The All American Dictionary
- Webster's 1828 Dictionary contains the foundation of America's heritage and principal beliefs. It is contemporary with the American Constitution.
- It is an excellent reference for classical literature, Bible studies, history papers, and the ground work of explanation and reasoning for America's national documents.
- Christian readers will find it rewarding to compare Webster's definitions of such words as: marriage, education, sin, law, faith, and prayer, with those given in any modern dictionary. The difference gives an appreciation of early American values.
- A breath of fresh air in an era of political correctness and subjectivism.
Word of the Day:
SCOFF, verb intransitive [Gr. The primary sense is probably to throw. But I do not find the word in the English and Greek sense, in any modern language except the English.]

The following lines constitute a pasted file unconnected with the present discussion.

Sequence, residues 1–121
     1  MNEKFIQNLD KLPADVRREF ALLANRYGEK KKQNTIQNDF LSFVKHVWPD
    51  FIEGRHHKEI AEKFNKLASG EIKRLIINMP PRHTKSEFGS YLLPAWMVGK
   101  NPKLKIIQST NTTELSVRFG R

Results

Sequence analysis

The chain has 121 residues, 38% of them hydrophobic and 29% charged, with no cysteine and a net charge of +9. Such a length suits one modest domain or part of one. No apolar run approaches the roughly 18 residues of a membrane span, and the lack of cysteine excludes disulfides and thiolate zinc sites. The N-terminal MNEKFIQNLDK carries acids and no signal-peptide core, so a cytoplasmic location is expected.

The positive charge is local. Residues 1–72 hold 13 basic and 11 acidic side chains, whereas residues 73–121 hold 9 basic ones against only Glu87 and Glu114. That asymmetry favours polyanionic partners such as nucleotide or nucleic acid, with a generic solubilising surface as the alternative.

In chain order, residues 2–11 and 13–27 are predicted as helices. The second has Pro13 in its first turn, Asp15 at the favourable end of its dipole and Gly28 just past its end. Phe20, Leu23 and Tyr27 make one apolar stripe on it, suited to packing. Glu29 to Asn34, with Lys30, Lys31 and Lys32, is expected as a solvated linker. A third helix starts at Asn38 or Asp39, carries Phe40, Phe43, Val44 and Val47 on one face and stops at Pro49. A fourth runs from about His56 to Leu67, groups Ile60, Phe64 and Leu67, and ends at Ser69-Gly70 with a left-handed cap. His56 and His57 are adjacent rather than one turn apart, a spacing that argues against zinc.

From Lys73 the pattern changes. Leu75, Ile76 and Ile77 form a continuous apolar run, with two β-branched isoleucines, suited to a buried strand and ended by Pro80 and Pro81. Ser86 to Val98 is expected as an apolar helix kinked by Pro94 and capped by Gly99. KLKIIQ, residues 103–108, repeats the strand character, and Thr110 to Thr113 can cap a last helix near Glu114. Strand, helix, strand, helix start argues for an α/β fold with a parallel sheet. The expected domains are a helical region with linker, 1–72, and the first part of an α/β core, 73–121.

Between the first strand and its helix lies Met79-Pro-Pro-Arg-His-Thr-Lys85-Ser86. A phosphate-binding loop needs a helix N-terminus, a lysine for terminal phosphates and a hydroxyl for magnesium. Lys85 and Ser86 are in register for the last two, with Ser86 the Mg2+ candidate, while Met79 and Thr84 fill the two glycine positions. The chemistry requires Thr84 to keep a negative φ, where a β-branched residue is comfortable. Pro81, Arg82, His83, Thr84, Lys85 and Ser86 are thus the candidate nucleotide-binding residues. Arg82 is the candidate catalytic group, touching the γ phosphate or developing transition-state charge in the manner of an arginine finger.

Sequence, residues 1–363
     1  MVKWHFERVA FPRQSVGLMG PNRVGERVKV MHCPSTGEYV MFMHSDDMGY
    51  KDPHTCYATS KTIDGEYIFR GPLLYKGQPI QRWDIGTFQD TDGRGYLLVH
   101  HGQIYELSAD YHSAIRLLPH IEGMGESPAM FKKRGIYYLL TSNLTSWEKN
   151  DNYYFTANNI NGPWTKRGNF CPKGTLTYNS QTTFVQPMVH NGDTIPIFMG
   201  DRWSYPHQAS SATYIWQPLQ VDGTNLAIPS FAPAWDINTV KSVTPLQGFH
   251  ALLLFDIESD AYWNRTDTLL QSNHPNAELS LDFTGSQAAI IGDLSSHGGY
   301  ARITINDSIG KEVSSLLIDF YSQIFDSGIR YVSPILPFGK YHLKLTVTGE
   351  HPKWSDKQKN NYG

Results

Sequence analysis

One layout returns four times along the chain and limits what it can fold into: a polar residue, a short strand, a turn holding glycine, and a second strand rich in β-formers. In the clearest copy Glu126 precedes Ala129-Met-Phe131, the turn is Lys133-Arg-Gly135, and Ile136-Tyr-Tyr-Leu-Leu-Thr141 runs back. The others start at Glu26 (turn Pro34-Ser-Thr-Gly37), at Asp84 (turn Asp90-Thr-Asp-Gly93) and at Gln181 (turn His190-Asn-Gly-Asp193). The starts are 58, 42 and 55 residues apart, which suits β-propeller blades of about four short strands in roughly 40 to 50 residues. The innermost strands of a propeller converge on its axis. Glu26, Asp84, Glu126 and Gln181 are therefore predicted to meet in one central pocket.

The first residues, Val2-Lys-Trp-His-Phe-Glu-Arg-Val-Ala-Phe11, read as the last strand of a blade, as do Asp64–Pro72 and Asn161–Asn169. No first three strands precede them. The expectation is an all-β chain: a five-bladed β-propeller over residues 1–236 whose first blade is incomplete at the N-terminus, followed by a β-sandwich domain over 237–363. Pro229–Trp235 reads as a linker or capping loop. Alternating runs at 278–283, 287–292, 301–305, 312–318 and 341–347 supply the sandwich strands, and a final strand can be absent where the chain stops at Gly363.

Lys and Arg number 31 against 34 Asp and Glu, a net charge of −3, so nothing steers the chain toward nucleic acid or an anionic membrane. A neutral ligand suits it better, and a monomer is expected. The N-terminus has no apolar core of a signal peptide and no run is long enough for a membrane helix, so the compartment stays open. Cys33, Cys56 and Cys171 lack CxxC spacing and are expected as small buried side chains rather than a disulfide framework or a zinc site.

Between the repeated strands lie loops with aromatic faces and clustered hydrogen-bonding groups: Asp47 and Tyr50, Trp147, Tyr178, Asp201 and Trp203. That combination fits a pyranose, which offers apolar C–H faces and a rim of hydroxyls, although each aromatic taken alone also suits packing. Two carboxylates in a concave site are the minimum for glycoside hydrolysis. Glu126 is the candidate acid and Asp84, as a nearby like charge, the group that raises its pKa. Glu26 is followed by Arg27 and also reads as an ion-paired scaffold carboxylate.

To treat with insolent ridicule, mockery or contumelious language; to manifest contempt by derision; with at. To scoff at religion and sacred things is evidence of extreme weakness and folly, as well as of wickedness.
They shall scoff at the kings. Habakkuk 1:10.
SCOFF, verb transitive To treat with derision or scorn.
SCOFF, noun Derision, ridicule, mockery or reproach, expressed in language of contempt; expression of scorn or contempt.
With scoffs and scorns and contumelious taunts.